Head coach Peter Vermes, of course, was excited to have his players back in a team-run, soccer-specific environment. However, he hopes their efforts, ones that follow the league’s social distancing protocol, can serve as a model for clubs that aren’t permitted to train yet due to state or local restrictions.
“I think this is going to be a huge help to the other markets that maybe have a little bit more restrictions and maybe their government officials aren't very confident about it,” Vermes said. “I just think, hopefully, this demonstrated performance will help move those different markets along in a meaningful way. I feel good about that aspect, and whatever we can do to help the league continue to move forward is our main objective."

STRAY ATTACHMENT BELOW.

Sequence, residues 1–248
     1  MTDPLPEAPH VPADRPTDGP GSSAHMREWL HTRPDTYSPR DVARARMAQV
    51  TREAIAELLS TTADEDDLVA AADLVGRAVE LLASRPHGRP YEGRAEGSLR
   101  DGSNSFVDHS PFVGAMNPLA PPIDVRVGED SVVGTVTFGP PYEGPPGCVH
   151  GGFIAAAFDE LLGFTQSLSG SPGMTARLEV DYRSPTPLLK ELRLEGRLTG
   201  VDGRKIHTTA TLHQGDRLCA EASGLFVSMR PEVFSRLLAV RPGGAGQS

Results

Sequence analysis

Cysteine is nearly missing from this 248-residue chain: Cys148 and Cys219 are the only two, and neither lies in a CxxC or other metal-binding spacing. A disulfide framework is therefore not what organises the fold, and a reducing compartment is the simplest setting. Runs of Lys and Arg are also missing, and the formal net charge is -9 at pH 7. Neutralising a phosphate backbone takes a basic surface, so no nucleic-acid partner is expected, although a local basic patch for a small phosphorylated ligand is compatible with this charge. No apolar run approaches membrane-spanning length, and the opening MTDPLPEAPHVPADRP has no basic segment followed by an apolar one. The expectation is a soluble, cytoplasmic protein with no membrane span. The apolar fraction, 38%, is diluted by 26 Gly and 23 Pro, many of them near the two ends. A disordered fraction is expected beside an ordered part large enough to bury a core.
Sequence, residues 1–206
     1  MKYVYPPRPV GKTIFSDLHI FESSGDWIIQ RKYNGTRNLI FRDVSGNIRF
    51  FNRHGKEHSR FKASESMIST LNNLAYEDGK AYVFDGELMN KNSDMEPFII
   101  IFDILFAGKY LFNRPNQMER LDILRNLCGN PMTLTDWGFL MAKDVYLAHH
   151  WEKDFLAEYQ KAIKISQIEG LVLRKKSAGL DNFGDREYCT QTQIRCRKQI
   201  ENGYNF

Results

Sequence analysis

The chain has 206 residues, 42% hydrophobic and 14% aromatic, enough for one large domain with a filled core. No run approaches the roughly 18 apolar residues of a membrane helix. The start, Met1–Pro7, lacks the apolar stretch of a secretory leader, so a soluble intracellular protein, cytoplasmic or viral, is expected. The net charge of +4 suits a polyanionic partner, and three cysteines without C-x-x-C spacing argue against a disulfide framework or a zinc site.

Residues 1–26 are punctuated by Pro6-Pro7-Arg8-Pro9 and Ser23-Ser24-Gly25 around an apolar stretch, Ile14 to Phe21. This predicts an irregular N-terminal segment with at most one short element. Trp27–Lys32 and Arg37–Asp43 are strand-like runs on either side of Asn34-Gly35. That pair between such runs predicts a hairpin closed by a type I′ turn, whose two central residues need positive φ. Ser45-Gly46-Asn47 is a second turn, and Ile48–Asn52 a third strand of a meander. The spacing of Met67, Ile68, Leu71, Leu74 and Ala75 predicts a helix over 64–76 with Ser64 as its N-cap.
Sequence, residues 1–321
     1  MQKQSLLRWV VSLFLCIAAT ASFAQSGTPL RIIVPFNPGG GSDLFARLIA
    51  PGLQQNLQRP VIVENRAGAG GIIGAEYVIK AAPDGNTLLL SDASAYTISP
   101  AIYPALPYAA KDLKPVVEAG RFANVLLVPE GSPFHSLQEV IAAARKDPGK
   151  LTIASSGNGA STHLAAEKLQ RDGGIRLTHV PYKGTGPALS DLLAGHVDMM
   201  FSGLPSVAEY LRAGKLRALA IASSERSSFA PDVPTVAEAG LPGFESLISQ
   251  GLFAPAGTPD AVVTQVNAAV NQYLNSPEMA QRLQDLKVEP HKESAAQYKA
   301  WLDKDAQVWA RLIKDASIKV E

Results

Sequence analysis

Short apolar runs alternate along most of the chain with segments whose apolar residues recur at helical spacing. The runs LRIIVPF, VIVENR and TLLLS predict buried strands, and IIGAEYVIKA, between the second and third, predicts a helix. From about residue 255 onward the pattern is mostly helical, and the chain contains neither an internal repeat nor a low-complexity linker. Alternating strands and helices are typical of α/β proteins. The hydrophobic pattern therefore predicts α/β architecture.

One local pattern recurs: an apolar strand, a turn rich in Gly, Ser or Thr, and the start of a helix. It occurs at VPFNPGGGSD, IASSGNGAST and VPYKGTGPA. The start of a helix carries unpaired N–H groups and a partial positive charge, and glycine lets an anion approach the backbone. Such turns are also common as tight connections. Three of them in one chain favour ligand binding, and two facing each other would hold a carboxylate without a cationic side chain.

Vermes also hopes that the MLS guidelines can be applied to other businesses. Professional soccer players need open space for technical work and cardiovascular conditioning, but other segments of day-to-day life often occur in more confined spaces.
“I think you just have to be a little creative and I think all the steps, it will be like building blocks,” Vermes said. “One step after another, then hopefully we get to a place where, as I keep trying to say, I don’t want to get back to my old life. I’d like to get back to a better life. So, hoping for that and hope it comes soon.”
As for early returns, Vermes is encouraged by what he’s seen. The measures certainly err on the side of caution, but he’d prefer that.
“I just think the protocol is maybe at times, not to be critical, is probably a little bit over the top,” Vermes said. “But it’s the right thing to do, especially in this early period to find out how things are working. I think everybody is following it really well."